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BMC Cardiovasc Disord. 2005 Feb 11;5(1):5.

Nine-year comparison of presentation and management of acute coronary syndromes in Ireland: a national cross-sectional survey.

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Department of Epidemiology and Public Health Medicine, Royal College of Surgeons in Ireland, 123 St, Stephen's Green, Dublin 2, Ireland.



Shorter time to treatment is associated with lower mortality in acute coronary syndromes (ACS). A previous (1994) survey showed substantial delays for acute myocardial infarction (AMI) in Ireland. The present study compared current practice with 1994 and surveyed acute coronary syndromes as a more complete contemporary evaluation of critical cardiac care than assessing AMI alone.


Following ethics committee approval, all centres (N = 39) admitting acute cardiac patients to intensive/coronary care unit provided information on 1365 episodes. A cross-sectional survey design was employed.


Since 1994, median hospital arrival to thrombolysis time was reduced by 41% (76 to 45 minutes). Thrombolysis was delivered more often in the emergency department in 2003 (48% vs 2%). Thrombolysis when delivered in the emergency department was achieved faster than thrombolysis delivered in intensive/coronary care (35 mins v 60 mins; z = 5.62, p < .0001). Suspected AMI patients who did not subsequently receive thrombolysis took longer to present to hospital (5 h vs 2 h 34 mins; z = 7.33, p < .0001) and had longer transfer times to the intensive/coronary care unit following arrival (2 h 17 mins vs 1 h 10 mins; z = 8.92, p < .0001). Fewer confirmed AMI cases received thrombolysis in 2003 (43% vs 58%). There was an increase in confirmed cases of AMI from 1994 (70% to 87%).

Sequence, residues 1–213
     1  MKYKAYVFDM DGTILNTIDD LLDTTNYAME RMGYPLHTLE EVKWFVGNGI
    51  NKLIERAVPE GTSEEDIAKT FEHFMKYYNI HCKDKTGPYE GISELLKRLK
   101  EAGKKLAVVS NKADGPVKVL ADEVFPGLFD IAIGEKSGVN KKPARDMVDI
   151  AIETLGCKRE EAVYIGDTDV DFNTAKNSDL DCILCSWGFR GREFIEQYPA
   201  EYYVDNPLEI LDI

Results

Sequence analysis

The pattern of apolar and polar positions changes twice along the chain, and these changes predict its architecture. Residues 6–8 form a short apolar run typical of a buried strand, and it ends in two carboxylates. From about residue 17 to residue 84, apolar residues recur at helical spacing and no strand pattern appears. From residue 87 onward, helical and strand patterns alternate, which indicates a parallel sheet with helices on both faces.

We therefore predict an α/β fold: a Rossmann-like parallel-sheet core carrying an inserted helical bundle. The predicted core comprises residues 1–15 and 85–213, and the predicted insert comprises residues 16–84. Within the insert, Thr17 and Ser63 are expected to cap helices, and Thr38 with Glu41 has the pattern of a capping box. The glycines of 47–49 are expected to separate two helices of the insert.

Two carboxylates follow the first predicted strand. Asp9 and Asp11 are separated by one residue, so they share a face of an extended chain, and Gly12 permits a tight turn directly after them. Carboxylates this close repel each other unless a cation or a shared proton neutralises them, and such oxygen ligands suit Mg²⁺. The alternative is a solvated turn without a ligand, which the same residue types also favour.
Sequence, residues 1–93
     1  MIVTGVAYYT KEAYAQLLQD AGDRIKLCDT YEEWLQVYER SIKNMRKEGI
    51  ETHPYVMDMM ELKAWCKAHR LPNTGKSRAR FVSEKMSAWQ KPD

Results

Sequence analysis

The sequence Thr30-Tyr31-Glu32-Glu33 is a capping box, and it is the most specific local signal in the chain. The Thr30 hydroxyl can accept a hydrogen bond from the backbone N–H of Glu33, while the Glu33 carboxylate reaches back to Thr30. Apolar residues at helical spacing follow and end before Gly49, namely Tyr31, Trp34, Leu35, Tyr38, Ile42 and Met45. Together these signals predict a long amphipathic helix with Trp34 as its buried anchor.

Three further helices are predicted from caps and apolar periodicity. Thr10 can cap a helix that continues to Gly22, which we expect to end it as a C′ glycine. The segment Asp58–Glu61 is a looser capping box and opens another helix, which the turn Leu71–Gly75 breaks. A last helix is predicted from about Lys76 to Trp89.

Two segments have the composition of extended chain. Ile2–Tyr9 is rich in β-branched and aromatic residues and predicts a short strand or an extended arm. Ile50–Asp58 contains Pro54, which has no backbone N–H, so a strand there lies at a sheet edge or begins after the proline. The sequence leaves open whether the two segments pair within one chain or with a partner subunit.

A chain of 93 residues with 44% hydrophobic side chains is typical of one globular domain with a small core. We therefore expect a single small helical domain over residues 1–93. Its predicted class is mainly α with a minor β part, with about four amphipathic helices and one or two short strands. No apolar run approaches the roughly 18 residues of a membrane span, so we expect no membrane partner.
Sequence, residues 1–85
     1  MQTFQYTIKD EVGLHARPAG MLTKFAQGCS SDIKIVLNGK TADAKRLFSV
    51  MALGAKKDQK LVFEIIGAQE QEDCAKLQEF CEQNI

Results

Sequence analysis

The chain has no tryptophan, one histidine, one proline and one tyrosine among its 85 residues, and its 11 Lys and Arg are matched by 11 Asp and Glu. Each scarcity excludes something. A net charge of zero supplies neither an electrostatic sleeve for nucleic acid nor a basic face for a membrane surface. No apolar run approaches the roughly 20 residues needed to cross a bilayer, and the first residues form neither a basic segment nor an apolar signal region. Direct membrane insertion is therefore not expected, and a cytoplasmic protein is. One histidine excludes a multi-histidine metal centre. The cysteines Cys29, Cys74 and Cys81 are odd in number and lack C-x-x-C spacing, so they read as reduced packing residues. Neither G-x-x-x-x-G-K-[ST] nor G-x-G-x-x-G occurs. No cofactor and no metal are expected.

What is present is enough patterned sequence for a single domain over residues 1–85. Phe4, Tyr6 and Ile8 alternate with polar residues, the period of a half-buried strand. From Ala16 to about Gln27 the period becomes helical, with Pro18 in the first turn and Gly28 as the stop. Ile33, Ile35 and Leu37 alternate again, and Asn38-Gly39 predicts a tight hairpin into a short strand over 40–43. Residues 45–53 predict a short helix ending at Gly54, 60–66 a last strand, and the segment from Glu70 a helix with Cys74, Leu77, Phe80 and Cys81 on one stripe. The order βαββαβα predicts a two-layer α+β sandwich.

Substantial improvements in time to thrombolysis have occurred since 1994, probably relating to treatment provision in emergency departments. Patient delay pre-hospital is still the principal impediment to effective treatment of ACS. A recent change of definition of AMI may have precluded an exact comparison between 1994 and 2003 data.

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